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Branded Food Sector Growth Rate Virtually Zero


Not only has there been a general slowdown of growth in the sector, but even M&A activity has been far from a quick fix.

The discounted earning growth rates in branded food stock valuations have been going down for about the last 20 years. Many are now between negative 2% growth and positive 2%, including ConAgra (CAG), Campbell Soup (CPB), General Mills (GIS), Kraft (KFT), Kimberly-Clark (KMB), Newell Rubbermaid (NWL), Procter & Gamble (PG), JM Smucker (SJM), and Molson Coors (TAP). Leaving aside whether these implied growth rates are justified (I think they are for maybe half of these companies), there are other things to watch out for if you hold or are considering holding these stocks.

The first thing is to take sell-side analyst predictions of growth rates with more than the usual skepticism. I just saw one analyst compose a relatively long report to examine the growth rate algorithms of a number of these companies. The result was a long-term growth estimate for earnings per share that came down from 7-9% to 6-9%. There was talk of the pressure that these companies are under from private label and a falling demand in developed countries, but the dynamics and scenarios that kept these companies in the analyst's positive territory were never explained. There is always the dynamic of a sell-side analyst not wanting to lead or sometimes even move down with the market in analyzing a bad news situation. But I believe that it gets especially touchy when the (real) resulting numbers get near zero or become negative.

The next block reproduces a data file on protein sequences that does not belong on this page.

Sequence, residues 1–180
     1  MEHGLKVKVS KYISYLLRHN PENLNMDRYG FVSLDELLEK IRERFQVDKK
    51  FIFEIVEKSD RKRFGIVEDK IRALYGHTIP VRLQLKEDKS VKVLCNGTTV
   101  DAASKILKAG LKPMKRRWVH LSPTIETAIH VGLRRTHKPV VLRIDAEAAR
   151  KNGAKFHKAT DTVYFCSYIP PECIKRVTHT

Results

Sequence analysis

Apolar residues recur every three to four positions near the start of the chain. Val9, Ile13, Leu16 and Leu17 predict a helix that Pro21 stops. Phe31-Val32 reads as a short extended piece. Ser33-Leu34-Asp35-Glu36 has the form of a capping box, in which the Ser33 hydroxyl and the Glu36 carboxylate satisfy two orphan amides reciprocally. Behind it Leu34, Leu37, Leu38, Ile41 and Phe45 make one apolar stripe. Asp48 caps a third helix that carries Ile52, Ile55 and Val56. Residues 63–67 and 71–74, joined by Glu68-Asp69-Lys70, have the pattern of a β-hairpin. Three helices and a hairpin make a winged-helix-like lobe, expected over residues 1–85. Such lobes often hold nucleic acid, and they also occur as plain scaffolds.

The second thing is to consider that a general slowdown of growth in the category has led to various mergers and acquisitions and those, in turn, have not had such a good effect. There is the risk that these actions are not just dilutive in the short run, but anti-shareholder from a discounted-returns-adjusted-for-risk perspective.

Kraft's Cadbury acquisition was expensive and, while the jury is still out on it, the company is splitting itself in two for no really valid strategic or investment reason.

For a long time, ConAgra has been looking strategically for branded food earnings as a percentage of its total earnings. But it recently wanted to buy Ralcorp (RAH), which is, more than anything else, a private label food producer.

Molson Coors, with an essentially negative growth rate as wine and spirits growth has accelerated, bought StarBev, a Czech brewer. What on earth would make beer a growth product in central Europe?

Kellogg (K) just bought Pringles, which will require some work to be done in order to integrate it with its other Keebler snack offering.

So, realistically, I would probably assign more risk to companies with near zero growth rate, either expected or implied, unless there is an internal or turn-around situation that could bring the growth rate back up, such as in Procter & Gamble's case, for instance.
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